Your blood lust satiated, all seems right with the world. No bad guys around, you have plenty of fuel, and the carrier is in sight. Suddenly the sounds of metal being torn apart fills the cockpit as some guy in a bomber---a freaking torpedo bomber, for gawds sakes---shoots you down.
Save the strut for later, ace. Are you gonna eat all of that humble pie?
Bang for your Bucks
The meat of Aces High is in the massively multiplayer arenas. This is where the artery-hardening fun is. Only after your two week trial period is up will HiTech hit you up for credit-card information (prepay via check is also available) upon attempting to enter the Online arenas, you have fourteen days to mooch and decide if this playground is your style or not. This is fortunate, because the price of admission is decidedly steep at US$29.95/month for unlimited play. This may seem like a lot of money, and, to be brutally honest, after playing off-and-on for the past three months or so it still seems like a lot of money. When broken down to grins per dollar, however, Aces High seems well worth the expense. These words were selected carefully, as bargain or steal seems an odd way of describing a simulation that costs $360 a year. Man, don’t let my wife find out.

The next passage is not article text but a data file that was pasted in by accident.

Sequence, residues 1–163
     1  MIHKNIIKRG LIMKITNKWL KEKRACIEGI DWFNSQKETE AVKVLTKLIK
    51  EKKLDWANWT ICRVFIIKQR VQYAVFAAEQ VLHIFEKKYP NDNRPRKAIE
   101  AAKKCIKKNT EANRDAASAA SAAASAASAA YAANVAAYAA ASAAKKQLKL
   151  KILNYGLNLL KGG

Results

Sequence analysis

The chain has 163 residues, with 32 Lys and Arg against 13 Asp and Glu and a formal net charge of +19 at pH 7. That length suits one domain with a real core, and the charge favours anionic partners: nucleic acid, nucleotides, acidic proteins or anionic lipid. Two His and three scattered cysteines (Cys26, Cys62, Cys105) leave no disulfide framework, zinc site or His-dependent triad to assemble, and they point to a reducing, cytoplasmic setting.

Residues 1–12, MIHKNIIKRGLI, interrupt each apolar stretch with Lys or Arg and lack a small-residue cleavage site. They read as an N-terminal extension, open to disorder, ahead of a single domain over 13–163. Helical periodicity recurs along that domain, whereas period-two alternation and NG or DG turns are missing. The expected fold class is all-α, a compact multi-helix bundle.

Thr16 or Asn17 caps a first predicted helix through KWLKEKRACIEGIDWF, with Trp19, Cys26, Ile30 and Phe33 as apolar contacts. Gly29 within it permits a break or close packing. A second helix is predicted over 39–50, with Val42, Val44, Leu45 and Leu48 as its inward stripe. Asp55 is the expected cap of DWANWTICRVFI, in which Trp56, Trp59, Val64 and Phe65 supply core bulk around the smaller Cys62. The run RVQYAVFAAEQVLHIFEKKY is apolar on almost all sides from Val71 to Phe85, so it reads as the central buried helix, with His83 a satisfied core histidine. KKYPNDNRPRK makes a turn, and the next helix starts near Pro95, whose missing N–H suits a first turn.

While not perfect, and what is, Aces High proves to be quite an experience, even for those of us who like to think that we’re pretty good at this combat flying stuff. A session of HiTech Creation’s massive-multiplayer flight combat sim may be just what you need to knock your cocky butt down a notch. Besides, if something isn’t done about that swagger of yours, you’ll have to see a good podiatrist.
- CPU: Athlon TBird 1GHz
- RAM: 384MB VC133 SDRAM
- Video: Hercules GeForce2 64MB (Detonator3 v6.31 drivers, 4X FSAA)
- Harddrive: IBM DeskStar 60GB ATA100 7200RPM HD
- O/S: WindowsMe
- CH Products Flight Sim Yoke USB
- CH Products F-16 CombatStick USB
- CH Products USB ProPedals